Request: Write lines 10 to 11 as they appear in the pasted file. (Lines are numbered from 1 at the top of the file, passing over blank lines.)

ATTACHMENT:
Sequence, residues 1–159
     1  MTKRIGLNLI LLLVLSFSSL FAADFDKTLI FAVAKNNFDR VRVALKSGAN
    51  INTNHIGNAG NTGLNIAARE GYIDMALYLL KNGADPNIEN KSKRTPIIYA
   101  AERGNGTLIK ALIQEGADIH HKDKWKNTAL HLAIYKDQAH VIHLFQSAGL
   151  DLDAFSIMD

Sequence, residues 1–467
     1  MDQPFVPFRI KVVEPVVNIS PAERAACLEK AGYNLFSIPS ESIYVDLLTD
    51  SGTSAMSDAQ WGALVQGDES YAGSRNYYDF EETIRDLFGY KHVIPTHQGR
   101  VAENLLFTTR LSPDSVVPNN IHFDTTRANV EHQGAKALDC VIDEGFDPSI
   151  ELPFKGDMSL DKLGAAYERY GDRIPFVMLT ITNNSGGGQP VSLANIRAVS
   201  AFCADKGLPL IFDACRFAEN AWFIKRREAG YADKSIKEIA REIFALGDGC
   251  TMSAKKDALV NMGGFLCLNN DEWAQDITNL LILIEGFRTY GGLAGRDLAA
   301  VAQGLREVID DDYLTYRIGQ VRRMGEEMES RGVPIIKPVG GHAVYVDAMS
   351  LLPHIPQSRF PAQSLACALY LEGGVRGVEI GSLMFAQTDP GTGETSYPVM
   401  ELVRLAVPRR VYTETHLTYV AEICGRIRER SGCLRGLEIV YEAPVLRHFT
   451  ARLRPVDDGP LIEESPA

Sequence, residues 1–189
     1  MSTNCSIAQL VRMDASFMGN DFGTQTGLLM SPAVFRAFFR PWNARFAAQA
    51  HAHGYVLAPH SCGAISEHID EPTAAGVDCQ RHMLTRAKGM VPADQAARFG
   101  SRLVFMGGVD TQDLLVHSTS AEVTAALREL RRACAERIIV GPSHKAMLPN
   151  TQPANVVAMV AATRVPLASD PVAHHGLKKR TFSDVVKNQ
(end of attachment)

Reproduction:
   151  ELPFKGDMSL DKLGAAYERY GDRIPFVMLT ITNNSGGGQP VSLANIRAVS
   201  AFCADKGLPL IFDACRFAEN AWFIKRREAG YADKSIKEIA REIFALGDGC